It will give an idea but any move/change in direction must be significant. The 10 year is by nature more volatile. You will know what I mean by "significant" if you check out the downward movement of the 10 year rate from its peak in early 2002. If the 60 year cycle plays out we should expect an upward move of equal "significance". Likewise if such a move is observed prior to the expected cycle timing it must question the existence of the cycle.
    -------------------------------------

    "But in isolation a 10-year period can be used to project a false forecast of future likely climatic trends and is therefore subject to misuse."

    I agree with the above for an "in isolation a 10-year period", but "The Last 10 years" is a forever moving feast that can never be "in isolation" or "cherry picked" and as such is a verifiable source of what is happening in the real here and now. When the 10 year trend turns upwards you will understand and will become one of its greatest champions and I will agree with you!

    Misuse comes from spin, interpretation and assumptions not from facts and data.

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  • Comment number 96. Posted by RobWansbeck

    on 10 Jul 2013 20:40

    @83, Lazarus writes:

    “ If the last 30 years had been plotted, as is normal with climate data, those trends would have been even further within the model runs. “

    If you still believe that real-world temperatures are 'well within expected projections' then there is little I can say to alter that delusion.

    As for 'If the last 30 years had been plotted'? The last 30 years were plotted.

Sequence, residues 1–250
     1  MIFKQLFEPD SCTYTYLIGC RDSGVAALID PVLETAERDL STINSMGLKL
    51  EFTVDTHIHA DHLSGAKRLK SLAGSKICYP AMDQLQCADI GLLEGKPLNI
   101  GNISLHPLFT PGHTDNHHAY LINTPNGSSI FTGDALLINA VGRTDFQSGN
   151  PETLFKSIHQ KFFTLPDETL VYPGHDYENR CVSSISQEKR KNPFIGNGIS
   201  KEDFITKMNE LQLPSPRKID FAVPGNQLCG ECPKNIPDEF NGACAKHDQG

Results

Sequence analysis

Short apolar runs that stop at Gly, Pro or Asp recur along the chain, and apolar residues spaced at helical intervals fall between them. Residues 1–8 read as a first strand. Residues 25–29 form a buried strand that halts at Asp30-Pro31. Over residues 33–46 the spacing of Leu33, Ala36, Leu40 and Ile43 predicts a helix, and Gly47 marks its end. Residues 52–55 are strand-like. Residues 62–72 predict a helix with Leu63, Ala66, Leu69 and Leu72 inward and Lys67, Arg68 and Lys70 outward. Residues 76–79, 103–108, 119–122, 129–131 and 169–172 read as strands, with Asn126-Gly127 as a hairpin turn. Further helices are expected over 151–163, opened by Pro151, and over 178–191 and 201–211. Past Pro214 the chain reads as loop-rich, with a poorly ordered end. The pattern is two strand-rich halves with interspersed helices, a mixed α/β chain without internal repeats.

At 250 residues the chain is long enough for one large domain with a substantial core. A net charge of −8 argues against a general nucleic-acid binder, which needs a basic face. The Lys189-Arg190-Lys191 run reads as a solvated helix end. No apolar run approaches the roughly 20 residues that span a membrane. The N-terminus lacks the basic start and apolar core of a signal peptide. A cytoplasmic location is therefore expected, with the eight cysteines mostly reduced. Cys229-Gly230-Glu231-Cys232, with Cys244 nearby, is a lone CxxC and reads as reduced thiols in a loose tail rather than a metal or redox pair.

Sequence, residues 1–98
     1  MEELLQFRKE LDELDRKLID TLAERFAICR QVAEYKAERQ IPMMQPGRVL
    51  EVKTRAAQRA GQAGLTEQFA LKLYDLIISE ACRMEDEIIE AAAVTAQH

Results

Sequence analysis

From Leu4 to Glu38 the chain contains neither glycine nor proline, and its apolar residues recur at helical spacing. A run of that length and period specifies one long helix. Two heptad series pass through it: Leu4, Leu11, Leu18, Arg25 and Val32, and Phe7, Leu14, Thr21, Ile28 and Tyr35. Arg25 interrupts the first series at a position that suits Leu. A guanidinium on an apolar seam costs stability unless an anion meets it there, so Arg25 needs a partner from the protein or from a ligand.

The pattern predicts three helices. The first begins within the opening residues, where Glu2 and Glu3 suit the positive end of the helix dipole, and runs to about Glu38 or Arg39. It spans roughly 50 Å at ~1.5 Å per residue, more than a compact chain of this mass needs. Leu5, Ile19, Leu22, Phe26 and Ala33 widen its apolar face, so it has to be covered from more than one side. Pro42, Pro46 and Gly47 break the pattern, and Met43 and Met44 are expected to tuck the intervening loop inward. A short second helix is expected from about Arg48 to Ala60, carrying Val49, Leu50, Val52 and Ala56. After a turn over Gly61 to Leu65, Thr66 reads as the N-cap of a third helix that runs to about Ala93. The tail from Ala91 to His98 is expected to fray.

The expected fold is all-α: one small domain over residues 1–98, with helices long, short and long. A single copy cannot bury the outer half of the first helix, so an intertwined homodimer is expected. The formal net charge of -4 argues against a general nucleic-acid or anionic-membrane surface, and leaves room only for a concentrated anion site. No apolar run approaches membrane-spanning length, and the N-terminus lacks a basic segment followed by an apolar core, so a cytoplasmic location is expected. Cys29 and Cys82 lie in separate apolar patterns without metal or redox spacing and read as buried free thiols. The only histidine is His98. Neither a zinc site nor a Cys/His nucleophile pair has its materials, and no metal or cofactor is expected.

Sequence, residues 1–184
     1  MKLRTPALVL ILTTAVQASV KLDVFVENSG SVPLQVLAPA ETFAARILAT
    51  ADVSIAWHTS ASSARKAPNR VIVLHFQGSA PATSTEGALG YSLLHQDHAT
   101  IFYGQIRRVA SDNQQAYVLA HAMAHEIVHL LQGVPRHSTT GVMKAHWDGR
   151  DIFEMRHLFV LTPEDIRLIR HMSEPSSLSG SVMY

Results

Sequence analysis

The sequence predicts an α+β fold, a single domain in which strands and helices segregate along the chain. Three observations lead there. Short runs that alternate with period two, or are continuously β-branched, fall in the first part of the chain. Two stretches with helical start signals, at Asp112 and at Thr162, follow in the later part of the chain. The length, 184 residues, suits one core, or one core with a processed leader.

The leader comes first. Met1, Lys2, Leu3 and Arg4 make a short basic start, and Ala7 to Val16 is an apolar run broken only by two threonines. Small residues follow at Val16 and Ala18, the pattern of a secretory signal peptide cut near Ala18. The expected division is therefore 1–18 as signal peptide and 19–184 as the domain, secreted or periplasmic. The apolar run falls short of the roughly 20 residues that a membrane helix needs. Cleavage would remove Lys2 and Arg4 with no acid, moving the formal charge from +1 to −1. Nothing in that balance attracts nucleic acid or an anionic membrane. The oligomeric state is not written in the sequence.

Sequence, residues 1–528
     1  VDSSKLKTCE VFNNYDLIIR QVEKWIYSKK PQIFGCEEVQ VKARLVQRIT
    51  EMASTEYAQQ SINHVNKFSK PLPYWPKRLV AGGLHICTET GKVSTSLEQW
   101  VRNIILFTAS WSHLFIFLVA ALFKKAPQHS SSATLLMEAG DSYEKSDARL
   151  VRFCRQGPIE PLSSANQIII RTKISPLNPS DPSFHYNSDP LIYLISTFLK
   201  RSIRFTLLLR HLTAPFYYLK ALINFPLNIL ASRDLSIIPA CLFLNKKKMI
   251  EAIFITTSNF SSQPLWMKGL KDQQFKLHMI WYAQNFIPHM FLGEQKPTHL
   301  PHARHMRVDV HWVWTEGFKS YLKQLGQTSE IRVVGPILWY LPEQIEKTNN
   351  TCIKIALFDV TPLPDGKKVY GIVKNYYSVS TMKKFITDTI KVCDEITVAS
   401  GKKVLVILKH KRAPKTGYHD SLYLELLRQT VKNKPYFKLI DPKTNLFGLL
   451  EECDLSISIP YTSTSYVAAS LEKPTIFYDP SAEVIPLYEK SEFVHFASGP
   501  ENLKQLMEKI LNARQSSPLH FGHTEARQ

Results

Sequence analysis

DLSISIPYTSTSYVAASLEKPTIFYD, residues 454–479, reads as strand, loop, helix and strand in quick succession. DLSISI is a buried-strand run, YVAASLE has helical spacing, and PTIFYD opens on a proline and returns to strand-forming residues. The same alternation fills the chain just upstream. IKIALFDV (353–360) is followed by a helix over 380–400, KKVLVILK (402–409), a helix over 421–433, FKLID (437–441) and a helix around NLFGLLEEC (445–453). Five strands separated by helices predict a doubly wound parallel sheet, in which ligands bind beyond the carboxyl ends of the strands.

I'll leave the cherry-picking to climate 'scientists'.

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  • Comment number 95. Posted by newdwr54

    on 10 Jul 2013 19:57

    90. greensand

    "... if the 60 year cycle is confirmed around 2015/17 we will be less than half way down a 30 year down leg and possibly facing a further 15/17 years of a continuing decrease in the rate of warming which, if the cycle plays out, will not bottom until sometime in the 2030s?"
    ___________________________________________________

    If we assume that the warming rate predicted by the UKMO will span beyond the next few years, then yes. The 60 year trough won't come until round the late 2020s/early 2030s if our assumptions are granted and if my calculations are right (?). This is still referring to 'rates' of rise, as opposed to what we might call 'actual' temperature fluctuation.
    ______________________________________________

    "I haven't done any work on GCMs and their predictions but I am sure I haven't heard of any forecasting the rate of warming to continue decreasing over a period of 30 years 2003 to approx 2033?"
    ______________________________________________

    I'm not sure about what the 30-year rate predictions are; so you could well be right there. However, again just assuming that the 30-year UKMO forecast continues beyond 2017, then the thirty year average temperature would continue to rise until the late 2020s/early 2030s. So we'd have the odd situation in which 30-year rates of warming troughed while 30-year average temperatures peaked. Real world temperatures, those at the leading edge of the 30 year average, would of course be falling if this were the case.